Freshwater ecosystems in tropical oceanic islands are highly vulnerable to species loss from human disturbances, such as deforestation and introduced exotic species. A key challenge for designing appropriate species conservation measures is measuring the impact of multiple disturbances.
Most conservation measures group species by taxonomic ranking to predict their response to disturbances. But, in a recent study in Freshwater Biology, scientists with the SNAPP Ridges to Reef Fisheries working group propose a better predictor is grouping species by similar functional traits, such as habitat preference and diet.
This study assessed native riverine fish in the Fiji archipelago and their response to three common disturbances: deforestation, overhanging culverts, and presence of cichlids, an introduced fish. Their findings revealed that trait-based groupings showed more consistent responses to disturbances across spatial and temporal scales than taxonomic groupings. In addition, trait-based groupings were more sensitive detectors of environmental responses and more likely to predict species losses from multiple disturbances. The study provides a method for estimating the consistency of species’ responses to disturbances and can help managers identify the most effective actions for conserving sensitive species.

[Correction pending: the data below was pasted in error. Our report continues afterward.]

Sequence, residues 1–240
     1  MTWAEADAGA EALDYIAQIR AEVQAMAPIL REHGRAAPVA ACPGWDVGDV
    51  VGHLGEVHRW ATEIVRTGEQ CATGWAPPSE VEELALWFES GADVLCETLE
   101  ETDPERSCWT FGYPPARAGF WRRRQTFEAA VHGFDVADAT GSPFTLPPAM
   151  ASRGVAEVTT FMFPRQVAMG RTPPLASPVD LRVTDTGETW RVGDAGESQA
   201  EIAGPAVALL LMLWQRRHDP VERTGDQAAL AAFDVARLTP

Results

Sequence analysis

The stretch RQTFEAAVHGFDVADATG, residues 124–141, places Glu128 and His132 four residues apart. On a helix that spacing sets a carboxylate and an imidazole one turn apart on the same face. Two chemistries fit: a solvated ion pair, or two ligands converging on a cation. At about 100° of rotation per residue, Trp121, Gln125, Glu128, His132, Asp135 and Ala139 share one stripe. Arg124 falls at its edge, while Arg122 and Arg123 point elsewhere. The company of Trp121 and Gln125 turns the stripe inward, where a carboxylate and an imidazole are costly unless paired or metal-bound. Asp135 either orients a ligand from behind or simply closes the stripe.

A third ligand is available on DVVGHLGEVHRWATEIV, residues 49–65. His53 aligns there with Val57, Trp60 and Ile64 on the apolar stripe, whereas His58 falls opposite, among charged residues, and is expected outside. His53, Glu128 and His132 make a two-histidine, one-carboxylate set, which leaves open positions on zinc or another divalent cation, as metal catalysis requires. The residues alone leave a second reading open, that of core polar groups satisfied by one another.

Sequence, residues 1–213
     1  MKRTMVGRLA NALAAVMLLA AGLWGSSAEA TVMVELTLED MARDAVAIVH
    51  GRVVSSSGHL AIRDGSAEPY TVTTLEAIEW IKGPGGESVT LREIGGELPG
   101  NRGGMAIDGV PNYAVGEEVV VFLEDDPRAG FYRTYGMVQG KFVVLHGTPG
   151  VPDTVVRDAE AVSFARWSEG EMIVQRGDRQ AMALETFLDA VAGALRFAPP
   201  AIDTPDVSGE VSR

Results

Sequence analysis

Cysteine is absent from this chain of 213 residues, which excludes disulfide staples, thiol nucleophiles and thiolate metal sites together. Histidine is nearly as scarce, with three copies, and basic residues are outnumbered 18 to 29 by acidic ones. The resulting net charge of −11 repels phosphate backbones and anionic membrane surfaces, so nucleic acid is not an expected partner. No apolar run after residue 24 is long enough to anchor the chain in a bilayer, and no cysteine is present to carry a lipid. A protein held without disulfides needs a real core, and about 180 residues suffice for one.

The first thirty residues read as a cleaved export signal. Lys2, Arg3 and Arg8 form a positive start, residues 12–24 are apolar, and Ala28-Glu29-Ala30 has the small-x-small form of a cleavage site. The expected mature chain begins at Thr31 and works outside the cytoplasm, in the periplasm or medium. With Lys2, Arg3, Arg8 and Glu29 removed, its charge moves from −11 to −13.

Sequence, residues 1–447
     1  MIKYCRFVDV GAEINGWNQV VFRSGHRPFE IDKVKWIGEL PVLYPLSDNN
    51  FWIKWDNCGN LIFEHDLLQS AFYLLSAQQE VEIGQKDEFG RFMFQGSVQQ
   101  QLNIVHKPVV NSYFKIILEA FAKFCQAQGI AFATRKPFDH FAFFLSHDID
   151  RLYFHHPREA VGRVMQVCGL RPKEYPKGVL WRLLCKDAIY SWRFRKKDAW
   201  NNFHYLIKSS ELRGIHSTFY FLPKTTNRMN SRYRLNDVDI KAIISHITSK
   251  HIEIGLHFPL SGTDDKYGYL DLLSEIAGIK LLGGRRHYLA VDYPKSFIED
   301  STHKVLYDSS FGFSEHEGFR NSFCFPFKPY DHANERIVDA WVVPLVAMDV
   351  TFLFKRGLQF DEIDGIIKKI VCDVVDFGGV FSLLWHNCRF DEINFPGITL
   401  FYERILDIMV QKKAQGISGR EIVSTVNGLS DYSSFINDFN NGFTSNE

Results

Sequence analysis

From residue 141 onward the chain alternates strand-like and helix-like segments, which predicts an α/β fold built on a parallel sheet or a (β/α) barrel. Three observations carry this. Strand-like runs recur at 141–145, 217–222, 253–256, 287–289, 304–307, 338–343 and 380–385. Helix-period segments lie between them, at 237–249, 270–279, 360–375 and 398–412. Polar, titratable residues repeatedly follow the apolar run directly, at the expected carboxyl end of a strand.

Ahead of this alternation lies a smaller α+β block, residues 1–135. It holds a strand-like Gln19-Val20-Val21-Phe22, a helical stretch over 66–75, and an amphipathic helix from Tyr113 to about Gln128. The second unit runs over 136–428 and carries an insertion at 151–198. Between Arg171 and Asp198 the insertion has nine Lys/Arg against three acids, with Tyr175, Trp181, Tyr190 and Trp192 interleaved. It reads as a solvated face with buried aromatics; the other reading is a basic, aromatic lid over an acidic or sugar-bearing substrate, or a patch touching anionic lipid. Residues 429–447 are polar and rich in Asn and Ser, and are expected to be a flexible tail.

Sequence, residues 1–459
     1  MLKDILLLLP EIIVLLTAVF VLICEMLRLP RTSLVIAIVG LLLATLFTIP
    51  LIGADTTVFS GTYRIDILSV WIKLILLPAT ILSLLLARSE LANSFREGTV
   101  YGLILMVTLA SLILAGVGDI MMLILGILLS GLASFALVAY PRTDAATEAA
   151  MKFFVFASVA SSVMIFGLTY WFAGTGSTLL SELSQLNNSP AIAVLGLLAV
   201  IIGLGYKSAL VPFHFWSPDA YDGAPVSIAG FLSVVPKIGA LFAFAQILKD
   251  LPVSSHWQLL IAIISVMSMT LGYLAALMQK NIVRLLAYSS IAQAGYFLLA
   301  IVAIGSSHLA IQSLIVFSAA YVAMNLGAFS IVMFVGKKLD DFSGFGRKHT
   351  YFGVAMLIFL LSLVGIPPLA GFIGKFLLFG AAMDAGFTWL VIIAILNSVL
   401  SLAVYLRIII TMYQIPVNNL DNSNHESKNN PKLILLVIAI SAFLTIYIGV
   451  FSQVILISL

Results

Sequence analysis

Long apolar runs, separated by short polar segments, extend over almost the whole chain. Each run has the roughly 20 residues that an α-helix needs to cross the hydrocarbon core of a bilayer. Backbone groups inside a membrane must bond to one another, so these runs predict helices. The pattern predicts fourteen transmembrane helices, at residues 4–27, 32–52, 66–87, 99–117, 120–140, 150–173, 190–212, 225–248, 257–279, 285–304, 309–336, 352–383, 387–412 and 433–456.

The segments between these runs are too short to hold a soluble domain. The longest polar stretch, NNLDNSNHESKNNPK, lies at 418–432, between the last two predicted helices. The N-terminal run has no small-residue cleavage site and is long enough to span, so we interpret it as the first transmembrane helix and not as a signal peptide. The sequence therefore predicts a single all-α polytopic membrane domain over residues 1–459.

Impact of anthropogenic disturbances on a diverse riverine fish assemblage in Fiji predicted by functional traits
Lin H-Y, Jupiter SD, Jenkins AP, Brown CJ.
Freshwater Biology, June 2017, doi: 10.1111/fwb.12955